Brain science creates a need for neuroethics
Judy Illes has a dilemma. What happens when someone who has agreed to participate in a medical study undergoes a brain scan during which the researcher happens to discover an anomaly, a potential health risk?
It’s a hypothetical quandary, but an example of the type of question Illes grapples with every day as the head of the National Core for Neuroethics at UBC.
“Say this person wants to do good and participate in a research study of the brain,” Illes says on the line from Mon-treal, where she’s attending meetings. “They’ve enrolled, fulfilled all the criteria, and they’re under the scanner, and the researcher—who’s not a physician—finds something suspicious, what we’d call an incidental finding.
“The problems there are huge,” she says. “Should the researcher show it to the person? If so, what are the physical implications? What about the psychological implications, the anxiety that person would experience? What about the cost of undergoing further tests? This is a big issue, one that really touches people when I talk about it. The questions are huge, and as to the answers, there’s not a consensus. But this kind of issue must be managed upfront in medical research.”
The field of neuroethics is relatively new, less than a decade old. However, organizations like the National Core for Neuroethics at UBC, which was formed in 2007, are becoming increasingly common. Such research bodies are being established in response to recent and remarkable advances in scientific understanding of the brain. Along with progress in such areas as genomics, molecular medicine, and brain disorders like addiction, depression, and dementia, however, come ethical challenges.
“What do we do when genetics can predict diseases of the brain in people who are presently completely healthy but know they are going to be hit with something 10, 20, 30 years down the road when there is no cure in sight?” Illes asks. “Technology is moving so fast. Neuroscience goes to the deep, ethical implications of what’s going on; it goes way beyond the institutional rules to get a protocol approved.
“On one hand, there’s a whole philosophy that we can apply science and the implications of science in a reactive way,” she adds. “Maybe the law comes in when adverse events have occurred. Then there becomes a sudden halt to science. We are looking to partner ethics right alongside neuroscience”¦to propel neuroscience further. We think that’s empowering.”
Illes, Canada research chair in neuroethics and a professor of neurology at UBC, is also a founding fellow of the university’s Institute of Mental Health. She is a cofounder of the international Neuroethics Society, editor of the American Journal of Bioethics: Neuroscience, and chair of Women in World Neuroscience for the International Brain Research Organization.
She explains that neuroethics pushes beyond the reach of bioethics—which also explores issues such as predicting disease and dealing with unintended consequences of research—by probing concepts like free will, personal responsibility, and decision-making.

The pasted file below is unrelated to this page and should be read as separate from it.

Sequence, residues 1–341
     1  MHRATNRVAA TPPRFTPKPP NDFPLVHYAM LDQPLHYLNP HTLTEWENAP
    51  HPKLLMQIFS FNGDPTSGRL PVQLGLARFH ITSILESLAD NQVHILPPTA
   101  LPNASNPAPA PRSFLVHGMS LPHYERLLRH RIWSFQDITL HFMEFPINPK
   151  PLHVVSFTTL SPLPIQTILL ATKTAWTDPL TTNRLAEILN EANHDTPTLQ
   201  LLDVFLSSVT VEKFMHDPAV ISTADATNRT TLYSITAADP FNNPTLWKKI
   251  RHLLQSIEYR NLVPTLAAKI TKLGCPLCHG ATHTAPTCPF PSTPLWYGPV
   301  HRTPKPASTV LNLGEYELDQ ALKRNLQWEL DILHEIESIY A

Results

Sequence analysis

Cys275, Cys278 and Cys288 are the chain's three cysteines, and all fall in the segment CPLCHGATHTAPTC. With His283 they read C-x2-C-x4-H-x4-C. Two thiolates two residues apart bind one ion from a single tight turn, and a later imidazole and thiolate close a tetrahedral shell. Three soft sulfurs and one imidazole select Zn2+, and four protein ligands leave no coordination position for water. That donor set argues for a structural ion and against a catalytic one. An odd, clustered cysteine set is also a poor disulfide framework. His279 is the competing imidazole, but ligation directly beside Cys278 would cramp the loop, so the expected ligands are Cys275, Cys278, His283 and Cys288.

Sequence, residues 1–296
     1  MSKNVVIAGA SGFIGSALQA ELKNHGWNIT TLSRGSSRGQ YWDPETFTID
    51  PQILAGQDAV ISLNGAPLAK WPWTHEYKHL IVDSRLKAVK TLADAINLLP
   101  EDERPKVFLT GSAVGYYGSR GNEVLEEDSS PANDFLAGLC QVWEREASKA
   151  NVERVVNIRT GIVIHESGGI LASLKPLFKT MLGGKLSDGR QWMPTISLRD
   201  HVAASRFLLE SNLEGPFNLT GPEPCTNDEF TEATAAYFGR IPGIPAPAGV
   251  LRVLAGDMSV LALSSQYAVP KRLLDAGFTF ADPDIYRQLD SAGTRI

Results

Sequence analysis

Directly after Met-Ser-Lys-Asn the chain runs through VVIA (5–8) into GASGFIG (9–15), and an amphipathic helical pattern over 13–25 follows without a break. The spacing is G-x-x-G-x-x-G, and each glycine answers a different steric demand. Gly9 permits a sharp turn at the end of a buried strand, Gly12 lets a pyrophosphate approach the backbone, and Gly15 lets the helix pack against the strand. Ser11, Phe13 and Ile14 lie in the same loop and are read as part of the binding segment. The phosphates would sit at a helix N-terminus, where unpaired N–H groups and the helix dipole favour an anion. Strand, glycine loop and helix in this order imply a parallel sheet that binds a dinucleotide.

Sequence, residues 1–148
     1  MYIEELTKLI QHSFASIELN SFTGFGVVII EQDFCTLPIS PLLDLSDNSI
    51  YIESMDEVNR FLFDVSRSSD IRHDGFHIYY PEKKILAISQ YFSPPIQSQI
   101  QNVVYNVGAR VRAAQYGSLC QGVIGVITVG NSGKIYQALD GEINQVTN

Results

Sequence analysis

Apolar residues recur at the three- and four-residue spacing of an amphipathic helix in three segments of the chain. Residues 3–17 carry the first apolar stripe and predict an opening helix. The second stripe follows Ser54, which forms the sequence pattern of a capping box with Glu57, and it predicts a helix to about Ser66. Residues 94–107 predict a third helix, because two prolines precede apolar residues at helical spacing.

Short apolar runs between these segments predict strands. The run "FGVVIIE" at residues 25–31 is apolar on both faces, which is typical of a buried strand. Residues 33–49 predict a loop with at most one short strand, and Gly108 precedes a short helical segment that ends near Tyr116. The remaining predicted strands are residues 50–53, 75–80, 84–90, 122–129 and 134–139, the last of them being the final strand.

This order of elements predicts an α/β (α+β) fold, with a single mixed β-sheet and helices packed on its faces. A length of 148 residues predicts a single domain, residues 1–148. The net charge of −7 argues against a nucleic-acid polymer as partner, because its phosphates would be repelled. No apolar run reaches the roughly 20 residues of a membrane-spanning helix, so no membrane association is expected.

The National Core for Neuroethics, a division of UBC’s Brain Research Centre, is involved in several research projects, including the international Neuroethics of Enhancement initiative. Led here by the centre’s codirector, psychiatrist Peter Reiner, the project will assess cross-cultural attitudes of doctors when it comes to prescribing cognitive enhancers. The normal cognitive decline that accompanies aging, although not a disease or disorder, can be problematic in a society that judges people by their smarts. Clinical trials are currently testing drugs designed to enhance cognition in “normal” individuals. If and when the drugs become available, the bur-den of prescription will fall on doctors. The aim of this research, which will take place in Canada and Germany and, possibly, Japan, the United Kingdom, and the United States, is to assess the views of doctors on prescribing medications designed to treat “normalcy”.
There’s a cultural dimension to neuroethical considerations as well.
The disease model of dementia, for instance, isn’t accepted in all cultures. Some First Nations groups view dementia-related cognitive decline as a means of communication during the transition from one life to the next. Such beliefs can shape attitudes about when medical treatment should be sought. Illes says that by taking into account such culturally relevant aspects of aging, neuroethics can help lead to relevant and respectful health care.
Other areas of interest to neuroethicists include the protection of privacy in the information age, the use of medicine in children with new or poorly understood forms of attention and mood disorders, and the ability to “peer” into a person’s brain to assess guilt or innocence.
Although there are people who are skeptical of the field of neuroethics, Illes says the number of those is diminishing.
“People who are critical sometimes say we are scaremongering, that we are anticipating things might go wrong where they might never go wrong,” Illes explains. “We’re not looking for things to go wrong. We’re looking for what’s right and how to put what’s right upfront on everyone’s table.”